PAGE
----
When fans are watching the Kentucky Derby, they may not notice the abnormality of the underdog horse named Patch. They won't see his missing eye until he rounds the backside turn and the crowd can see the empty cavity on the left side of his face.
Patch, who was ironically named before he had an issue with his eye, had to get his left eye removed last June. His trainer, Todd Pletcher, said he arrived at the barn one morning in June to find Patch's eye tearing heavily and almost swollen shut.
After two weeks of treatment and antibiotics were unsuccessful, the veterinarians decided Patch's eye would need to be removed. Patch was then sent to Florida for rehabilitation after the surgery.
A tissue biopsy was never taken from Patch's eye, which leaves everyone wondering the cause of his inflammation that would ultimately lead to him only having one eye.
Pletcher and Patch's owner expected Patch would be able to be able to race again, but struggled to know what realistic expectations would look like after the surgery. The Kentucky Derby was definitely not on their minds.
"It’s a credit to him and his professionalism that he was able to adapt so seamlessly to it," Pletcher said. "I was concerned that it might compromise his ability in some way or the way he carried himself. I guess you don’t know for sure but it certainly doesn’t seem like it has."
"If you watched him train and didn't know that he had one eye, there’s no indication of him doing anything peculiar in his training or in his races that would make you concerned about the one eye," Pletcher said.
Pletcher has had other one-eyed horses, usually due to blindness, race in Triple Crown races, but he said Patch is by far the most unaffected by his disability.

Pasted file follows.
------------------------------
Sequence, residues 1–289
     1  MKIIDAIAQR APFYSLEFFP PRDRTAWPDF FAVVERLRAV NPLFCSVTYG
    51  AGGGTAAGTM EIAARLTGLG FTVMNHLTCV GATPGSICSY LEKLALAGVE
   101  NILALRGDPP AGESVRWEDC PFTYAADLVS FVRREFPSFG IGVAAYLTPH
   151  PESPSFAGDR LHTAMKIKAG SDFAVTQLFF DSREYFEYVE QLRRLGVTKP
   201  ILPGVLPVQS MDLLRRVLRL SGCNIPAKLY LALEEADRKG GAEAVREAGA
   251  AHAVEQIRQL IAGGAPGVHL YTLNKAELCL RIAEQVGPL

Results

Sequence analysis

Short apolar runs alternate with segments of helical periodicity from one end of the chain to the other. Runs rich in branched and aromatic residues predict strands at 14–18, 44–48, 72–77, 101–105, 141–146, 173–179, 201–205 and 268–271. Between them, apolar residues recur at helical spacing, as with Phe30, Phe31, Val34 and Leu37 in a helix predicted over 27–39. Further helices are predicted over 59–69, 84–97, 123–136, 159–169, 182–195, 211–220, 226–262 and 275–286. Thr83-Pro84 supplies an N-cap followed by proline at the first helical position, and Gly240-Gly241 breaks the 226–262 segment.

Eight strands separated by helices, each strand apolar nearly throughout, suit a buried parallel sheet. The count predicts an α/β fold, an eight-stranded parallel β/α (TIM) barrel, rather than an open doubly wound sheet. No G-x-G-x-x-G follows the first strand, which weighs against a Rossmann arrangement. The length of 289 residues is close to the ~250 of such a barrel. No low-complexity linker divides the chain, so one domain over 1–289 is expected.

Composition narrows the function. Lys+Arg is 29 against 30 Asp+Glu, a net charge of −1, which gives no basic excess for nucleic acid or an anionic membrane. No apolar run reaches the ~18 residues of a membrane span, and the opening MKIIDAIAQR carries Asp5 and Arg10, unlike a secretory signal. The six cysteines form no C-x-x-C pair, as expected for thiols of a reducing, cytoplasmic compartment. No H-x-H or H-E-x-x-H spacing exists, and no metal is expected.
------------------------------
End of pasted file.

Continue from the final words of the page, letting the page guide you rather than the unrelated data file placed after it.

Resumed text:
Pletcher is most concerned with his lack of experience due to him not racing the year of his eye-removal. Patch did finish as the runner-up in the Louisiana Derby in April, just 1 1/4 lengths behind fellow Kentucky Derby runner Girvin.
"The key is going to be the pace scenario," Pletcher said. "If it’s a little faster up front and if he settles well, and if he’s able to get a smooth trip I think it could work out for him."
Patch is currently sitting at 40-1 odds, as the underdog among Pletcher's three Kentucky Derby contestants.
"I think he’s got a little better shot than 40-1, but you know at the same time it’s a difficult assignment for him or any horse in that scenario," Pletcher said. "He's just going to have to buck some trends."
Watch Pletcher talk about Patch, along with his other contestants here:
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We are all interested to see how Patch does in the race, and will be cheering the young horse on!